It seems to me that although we see lots of Sicilians, especially Najdorfs, Tajmanovs, and Kans, the once popular Scheveningen variation (1.e4 c5 2.Nf3 d6 3.d4 cxd4 4.Nxd4 Nf6 5.Nc3 e6 -- or 2...e6 and 5...d6) recently lost a lot if its popularity at top level chess. Nobody seems to play it any more even at club level chess. Is there a clear reason for that?
As far as I know the theoretical reason for this is the Keres attack. (As stated by Jan Gustafsson in one of many live commentaries.)
[Event "Tata Steel"] [Site "Wijk aan Zee NED"] [Date "2013.01.23"] [EventDate "2013.01.12"] [Round "10"] [Result "0-1"] [White "Pentala Harikrishna"] [Black "Yifan Hou"] [ECO "B81"] [WhiteElo "2698"] [BlackElo "2603"] [FEN ""] 1. e4 c5 2. Nf3 d6 3. d4 cxd4 4. Nxd4 Nf6 5. Nc3 e6 6. g4 h6 7. h4
In fact this line is even entered by white a tempo down, via the h3-Najdorf, so it seems to be just very comfortable for white.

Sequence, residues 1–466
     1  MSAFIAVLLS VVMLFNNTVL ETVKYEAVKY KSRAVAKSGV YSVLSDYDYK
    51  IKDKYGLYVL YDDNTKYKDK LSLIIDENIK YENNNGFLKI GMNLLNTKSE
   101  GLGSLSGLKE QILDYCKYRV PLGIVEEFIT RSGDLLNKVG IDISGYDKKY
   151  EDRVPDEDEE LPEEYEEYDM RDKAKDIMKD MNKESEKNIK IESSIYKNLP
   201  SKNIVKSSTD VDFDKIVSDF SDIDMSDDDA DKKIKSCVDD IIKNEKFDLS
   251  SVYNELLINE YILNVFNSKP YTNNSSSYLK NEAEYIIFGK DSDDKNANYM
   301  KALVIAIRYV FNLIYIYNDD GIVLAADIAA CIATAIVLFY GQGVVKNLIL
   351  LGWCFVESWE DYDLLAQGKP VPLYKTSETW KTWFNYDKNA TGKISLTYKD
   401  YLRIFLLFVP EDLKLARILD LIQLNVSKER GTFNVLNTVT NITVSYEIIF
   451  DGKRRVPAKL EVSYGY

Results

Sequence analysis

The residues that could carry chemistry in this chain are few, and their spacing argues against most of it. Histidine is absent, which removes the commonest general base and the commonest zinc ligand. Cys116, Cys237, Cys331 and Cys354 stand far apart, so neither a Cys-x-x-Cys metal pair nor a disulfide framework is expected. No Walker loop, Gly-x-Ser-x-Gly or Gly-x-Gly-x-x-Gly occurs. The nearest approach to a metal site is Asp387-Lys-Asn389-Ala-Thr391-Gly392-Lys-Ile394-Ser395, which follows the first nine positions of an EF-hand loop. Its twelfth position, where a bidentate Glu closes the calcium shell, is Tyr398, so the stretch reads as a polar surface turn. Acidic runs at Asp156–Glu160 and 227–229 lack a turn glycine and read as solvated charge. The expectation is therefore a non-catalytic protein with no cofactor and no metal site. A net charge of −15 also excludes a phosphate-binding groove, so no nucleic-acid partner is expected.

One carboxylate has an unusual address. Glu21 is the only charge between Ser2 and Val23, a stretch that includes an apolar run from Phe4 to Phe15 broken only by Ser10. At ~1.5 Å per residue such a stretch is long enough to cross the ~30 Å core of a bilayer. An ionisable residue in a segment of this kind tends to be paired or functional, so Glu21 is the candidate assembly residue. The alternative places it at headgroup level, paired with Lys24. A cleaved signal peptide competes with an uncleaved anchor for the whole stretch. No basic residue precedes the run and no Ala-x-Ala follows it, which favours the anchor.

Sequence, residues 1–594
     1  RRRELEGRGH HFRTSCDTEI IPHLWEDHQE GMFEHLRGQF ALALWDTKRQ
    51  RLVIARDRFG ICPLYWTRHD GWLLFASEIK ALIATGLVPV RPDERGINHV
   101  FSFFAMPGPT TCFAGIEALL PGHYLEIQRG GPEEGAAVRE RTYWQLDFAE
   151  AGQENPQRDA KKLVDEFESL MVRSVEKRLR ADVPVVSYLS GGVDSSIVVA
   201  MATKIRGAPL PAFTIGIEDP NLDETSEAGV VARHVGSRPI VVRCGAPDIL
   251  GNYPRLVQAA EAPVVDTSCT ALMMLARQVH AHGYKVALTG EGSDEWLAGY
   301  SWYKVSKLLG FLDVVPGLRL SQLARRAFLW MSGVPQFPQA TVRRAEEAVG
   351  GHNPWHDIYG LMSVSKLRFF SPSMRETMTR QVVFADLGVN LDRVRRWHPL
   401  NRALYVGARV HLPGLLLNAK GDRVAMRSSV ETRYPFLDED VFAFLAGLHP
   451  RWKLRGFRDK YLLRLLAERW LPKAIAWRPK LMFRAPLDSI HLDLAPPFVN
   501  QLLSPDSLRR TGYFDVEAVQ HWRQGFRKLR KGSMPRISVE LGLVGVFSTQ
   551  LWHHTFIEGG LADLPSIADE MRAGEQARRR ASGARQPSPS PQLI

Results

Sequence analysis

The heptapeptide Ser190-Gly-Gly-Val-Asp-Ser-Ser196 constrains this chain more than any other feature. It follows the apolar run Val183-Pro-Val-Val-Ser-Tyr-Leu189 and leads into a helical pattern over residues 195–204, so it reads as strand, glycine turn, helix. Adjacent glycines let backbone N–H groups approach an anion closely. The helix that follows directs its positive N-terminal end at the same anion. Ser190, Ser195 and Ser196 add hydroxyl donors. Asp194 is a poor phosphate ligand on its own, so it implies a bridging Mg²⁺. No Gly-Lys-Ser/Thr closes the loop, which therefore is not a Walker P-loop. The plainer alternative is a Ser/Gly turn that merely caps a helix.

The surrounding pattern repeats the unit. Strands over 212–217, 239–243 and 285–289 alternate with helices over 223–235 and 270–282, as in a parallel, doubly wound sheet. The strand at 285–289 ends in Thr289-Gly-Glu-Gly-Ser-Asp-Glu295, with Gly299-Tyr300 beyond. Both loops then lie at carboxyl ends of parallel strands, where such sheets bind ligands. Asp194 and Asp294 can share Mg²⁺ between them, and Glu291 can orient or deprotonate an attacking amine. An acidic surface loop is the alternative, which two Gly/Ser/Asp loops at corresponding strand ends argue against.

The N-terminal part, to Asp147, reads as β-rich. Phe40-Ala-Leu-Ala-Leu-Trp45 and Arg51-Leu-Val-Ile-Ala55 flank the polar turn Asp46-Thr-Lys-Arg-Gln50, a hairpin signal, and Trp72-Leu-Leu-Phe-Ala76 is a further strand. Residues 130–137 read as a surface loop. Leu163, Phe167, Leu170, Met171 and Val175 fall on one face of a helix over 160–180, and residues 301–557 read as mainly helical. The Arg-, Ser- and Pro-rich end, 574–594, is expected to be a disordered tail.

That being said, Hou Yifan still plays the Scheveningen with black and does so extremely successfully. In fact she won the game from which I took the above opening moves, so white's advantage in the Keres attack is probably nothing that should concern us lesser mortals.
I agree with Joe. A lot of this is style. It's pretty solid, and is still played, although often by transposition.
My guess is that it's a combination of the fact that people favor other variations of the Sicilian and that the Scheveningen is difficult to handle against something as aggressive and the English Attack. It's also been worked for a couple of decades and its variations are pretty familiar to GMs.